Racial segregation in public schools began in 1892 over the United States Supreme Court's decision in the case of Plessy vs. Ferguson's, "separate but equal" doctrine, that lasted until the early 1950's. This precedent legally enabled "separate" facilities for African Americans and Caucasians, as long as they were "equal". During the turn of the 19th century, the term "Jim Crow" was used to refer to African Americans. This term would later be used as the name of the laws that kept African Americans from public functions and places. It would not be until 1954, that the "separate but equal" doctrine would be changed for good.
One day Reverend Oliver Brown took his eight-year-old daughter, Linda Carol, for a walk to the Sumner Elementary School located just seven blocks from her house in Topeka, Kansas. After a discussion Brown had with the principal over the enrollment of his daughter, he was informed that she would not be admitted to the school even though she qualified. The reason she was not admitted to the school was because of the color of her skin, Sumner Elementary only accepted Caucasian children. Reverend Brown was not a man who caused trouble, but he did not want his daughter to have to walk six blocks along railroad tracks in order to catch the bus to a rundown black school (Dudley 8). .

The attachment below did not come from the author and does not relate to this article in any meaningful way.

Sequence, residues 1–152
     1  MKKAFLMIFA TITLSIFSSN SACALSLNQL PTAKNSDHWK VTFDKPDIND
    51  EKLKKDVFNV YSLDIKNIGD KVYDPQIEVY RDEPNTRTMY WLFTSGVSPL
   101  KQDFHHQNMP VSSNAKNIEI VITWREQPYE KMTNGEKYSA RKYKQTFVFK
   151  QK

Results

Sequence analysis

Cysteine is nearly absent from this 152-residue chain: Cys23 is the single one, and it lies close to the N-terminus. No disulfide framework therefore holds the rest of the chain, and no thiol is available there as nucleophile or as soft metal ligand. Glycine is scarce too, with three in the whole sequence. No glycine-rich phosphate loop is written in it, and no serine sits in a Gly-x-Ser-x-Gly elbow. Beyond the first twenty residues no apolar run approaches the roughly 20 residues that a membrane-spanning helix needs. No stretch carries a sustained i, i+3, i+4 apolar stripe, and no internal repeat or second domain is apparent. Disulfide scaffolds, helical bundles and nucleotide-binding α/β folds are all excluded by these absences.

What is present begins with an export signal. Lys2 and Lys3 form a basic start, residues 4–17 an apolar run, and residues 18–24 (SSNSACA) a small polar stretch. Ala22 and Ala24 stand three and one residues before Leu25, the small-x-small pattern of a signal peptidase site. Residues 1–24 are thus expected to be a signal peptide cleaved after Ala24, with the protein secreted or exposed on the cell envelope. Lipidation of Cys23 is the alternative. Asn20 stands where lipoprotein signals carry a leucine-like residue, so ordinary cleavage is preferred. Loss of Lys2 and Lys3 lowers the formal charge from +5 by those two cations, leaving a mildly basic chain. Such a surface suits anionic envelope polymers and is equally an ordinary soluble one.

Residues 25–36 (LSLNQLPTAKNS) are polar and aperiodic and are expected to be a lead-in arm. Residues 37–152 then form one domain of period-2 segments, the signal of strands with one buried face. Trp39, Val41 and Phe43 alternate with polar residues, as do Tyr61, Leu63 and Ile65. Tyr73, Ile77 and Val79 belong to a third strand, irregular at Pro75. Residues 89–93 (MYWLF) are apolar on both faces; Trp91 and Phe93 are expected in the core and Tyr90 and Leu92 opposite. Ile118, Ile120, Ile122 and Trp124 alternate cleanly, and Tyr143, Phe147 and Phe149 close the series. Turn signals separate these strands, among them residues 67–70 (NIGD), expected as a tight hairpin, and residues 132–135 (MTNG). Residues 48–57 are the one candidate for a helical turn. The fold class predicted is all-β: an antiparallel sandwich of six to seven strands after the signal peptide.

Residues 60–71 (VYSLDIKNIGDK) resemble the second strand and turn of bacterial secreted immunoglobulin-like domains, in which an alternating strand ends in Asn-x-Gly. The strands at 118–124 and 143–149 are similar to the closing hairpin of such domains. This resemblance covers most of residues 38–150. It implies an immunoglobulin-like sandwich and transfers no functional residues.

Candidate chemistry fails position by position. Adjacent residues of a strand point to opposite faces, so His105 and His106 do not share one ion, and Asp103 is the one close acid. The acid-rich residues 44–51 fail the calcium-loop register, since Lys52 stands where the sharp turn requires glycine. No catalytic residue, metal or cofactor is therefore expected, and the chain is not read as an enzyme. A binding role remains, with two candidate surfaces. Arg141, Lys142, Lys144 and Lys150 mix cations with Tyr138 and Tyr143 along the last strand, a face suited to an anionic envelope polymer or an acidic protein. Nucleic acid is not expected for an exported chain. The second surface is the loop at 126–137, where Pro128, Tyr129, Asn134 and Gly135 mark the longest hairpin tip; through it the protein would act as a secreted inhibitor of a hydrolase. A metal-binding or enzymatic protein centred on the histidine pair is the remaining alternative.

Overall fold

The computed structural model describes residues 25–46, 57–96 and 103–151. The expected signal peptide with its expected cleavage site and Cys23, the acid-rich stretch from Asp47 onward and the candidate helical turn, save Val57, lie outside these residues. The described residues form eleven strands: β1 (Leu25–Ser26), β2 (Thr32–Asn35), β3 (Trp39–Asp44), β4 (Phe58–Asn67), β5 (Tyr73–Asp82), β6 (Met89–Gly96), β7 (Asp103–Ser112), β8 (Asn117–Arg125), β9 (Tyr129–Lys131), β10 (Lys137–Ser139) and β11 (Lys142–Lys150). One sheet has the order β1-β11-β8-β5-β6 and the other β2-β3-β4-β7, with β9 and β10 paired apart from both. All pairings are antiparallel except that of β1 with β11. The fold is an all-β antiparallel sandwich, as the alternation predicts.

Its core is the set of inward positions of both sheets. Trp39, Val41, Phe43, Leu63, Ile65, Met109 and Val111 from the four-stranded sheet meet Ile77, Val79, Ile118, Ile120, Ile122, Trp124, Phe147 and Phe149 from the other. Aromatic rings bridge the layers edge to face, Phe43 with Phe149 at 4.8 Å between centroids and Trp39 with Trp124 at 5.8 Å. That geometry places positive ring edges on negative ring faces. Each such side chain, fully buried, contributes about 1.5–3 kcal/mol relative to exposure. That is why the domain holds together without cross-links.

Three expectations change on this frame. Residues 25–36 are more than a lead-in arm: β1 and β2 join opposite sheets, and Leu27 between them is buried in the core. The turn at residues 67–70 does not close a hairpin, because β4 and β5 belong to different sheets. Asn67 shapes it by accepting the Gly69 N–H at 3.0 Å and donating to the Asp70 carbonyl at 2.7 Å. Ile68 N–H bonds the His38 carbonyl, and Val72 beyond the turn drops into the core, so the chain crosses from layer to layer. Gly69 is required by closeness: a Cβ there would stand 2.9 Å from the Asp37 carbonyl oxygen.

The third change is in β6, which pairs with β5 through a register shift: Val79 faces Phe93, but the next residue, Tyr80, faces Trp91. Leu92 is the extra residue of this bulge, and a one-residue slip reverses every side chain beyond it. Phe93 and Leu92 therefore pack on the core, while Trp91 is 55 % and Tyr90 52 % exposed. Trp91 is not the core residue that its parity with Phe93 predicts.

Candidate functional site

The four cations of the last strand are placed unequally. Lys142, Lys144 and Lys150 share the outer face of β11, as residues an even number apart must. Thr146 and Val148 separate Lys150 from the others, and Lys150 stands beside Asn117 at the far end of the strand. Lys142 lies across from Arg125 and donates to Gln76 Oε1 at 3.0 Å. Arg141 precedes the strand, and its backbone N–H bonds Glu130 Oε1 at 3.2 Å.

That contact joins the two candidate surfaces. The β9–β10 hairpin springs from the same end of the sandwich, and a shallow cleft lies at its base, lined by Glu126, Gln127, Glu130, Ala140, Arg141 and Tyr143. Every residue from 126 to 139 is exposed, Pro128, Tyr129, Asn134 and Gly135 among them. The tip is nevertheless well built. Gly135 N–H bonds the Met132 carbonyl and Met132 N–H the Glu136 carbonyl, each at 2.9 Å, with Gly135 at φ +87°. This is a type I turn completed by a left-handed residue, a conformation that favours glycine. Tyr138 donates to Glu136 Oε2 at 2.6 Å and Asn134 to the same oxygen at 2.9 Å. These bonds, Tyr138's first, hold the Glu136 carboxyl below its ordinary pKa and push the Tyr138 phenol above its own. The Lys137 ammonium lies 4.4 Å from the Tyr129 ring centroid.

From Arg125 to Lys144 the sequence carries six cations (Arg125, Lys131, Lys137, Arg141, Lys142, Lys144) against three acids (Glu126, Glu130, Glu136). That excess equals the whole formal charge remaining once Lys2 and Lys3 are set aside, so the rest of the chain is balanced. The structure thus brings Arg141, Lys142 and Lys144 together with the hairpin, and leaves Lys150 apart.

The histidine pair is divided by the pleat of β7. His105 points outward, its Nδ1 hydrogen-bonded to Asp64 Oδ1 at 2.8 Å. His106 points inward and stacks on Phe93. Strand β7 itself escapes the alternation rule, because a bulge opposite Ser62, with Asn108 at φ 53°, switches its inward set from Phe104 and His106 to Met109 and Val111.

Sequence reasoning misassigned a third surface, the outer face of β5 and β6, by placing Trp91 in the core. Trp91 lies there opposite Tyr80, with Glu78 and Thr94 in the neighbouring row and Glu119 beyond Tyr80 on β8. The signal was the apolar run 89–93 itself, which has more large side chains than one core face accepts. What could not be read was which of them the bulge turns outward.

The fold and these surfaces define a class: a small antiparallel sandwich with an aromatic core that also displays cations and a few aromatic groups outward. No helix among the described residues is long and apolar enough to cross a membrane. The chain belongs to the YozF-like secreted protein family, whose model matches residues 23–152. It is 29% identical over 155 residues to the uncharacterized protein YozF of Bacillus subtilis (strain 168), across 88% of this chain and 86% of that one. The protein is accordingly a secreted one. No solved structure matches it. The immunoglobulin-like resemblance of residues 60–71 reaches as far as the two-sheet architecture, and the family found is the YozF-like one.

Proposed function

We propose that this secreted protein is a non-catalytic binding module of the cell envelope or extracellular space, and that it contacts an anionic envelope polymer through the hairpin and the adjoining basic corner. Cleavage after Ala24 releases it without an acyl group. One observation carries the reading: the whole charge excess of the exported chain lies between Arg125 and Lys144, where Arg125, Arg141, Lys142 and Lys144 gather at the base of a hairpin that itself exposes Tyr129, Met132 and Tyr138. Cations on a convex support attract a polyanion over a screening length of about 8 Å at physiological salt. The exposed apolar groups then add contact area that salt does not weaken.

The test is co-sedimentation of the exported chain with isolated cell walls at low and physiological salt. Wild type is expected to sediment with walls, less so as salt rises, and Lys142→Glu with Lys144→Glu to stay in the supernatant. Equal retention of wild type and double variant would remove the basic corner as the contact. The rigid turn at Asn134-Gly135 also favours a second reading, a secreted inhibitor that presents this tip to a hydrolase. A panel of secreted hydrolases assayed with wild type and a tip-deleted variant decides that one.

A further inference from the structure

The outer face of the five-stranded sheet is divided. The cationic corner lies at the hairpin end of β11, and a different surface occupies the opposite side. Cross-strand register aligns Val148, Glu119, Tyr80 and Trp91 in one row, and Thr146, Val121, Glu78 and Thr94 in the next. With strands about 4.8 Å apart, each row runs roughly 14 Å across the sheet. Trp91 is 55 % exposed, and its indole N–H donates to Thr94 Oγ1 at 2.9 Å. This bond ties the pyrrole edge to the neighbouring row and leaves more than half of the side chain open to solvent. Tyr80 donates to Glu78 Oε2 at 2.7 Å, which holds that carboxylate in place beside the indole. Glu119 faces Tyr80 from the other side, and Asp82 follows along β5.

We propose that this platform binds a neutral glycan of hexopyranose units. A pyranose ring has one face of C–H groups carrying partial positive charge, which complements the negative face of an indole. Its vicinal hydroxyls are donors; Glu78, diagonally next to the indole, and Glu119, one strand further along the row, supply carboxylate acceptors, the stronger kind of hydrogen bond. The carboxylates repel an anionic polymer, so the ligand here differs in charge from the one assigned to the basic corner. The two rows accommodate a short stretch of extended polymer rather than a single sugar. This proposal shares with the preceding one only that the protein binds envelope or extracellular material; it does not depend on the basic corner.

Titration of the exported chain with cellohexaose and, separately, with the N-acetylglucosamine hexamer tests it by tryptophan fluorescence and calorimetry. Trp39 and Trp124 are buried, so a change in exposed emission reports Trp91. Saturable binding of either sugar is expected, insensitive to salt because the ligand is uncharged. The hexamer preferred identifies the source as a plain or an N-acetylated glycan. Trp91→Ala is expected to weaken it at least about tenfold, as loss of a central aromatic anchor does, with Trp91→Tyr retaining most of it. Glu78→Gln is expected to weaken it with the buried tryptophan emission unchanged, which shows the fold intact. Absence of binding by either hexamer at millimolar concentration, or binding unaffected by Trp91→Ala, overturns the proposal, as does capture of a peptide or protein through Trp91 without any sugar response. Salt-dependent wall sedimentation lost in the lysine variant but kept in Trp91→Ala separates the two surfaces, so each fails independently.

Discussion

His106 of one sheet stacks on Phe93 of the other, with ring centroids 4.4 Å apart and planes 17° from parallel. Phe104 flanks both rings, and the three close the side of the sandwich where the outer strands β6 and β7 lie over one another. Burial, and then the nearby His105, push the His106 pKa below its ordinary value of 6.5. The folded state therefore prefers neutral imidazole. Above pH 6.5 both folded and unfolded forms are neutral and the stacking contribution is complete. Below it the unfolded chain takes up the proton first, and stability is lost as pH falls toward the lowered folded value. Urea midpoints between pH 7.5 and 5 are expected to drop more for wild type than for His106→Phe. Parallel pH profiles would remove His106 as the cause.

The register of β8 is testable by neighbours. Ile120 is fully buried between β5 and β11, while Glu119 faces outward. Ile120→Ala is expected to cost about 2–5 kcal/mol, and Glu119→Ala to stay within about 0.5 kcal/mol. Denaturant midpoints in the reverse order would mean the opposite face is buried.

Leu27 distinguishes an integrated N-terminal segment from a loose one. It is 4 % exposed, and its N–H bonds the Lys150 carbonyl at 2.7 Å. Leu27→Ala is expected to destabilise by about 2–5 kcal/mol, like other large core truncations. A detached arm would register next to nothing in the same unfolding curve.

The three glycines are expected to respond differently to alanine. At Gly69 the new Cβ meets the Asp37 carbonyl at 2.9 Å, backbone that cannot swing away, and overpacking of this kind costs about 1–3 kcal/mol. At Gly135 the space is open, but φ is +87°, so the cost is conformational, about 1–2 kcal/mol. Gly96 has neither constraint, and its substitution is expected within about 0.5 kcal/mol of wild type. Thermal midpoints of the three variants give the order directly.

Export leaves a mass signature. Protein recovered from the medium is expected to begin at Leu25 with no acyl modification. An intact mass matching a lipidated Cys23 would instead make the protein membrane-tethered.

Brown and his family, along with many other African American families wanted to put an end to school segregation. Thirteen African American families of Topeka rallied together and sought out the help of the National Association for the Advancement of Colored People (NAACP). The NAACP chose Oliver Brown's family for the upcoming case because he was a minister and a respectable, hard working man. Appointed this case were the NACCP attorney's Robert Carter and Jack Greenberg, with the guidance and assistance of Thurgood Marshall, who was a major contributor in fighting for equal rights of African Americans and also in charge of the other desegregation cases.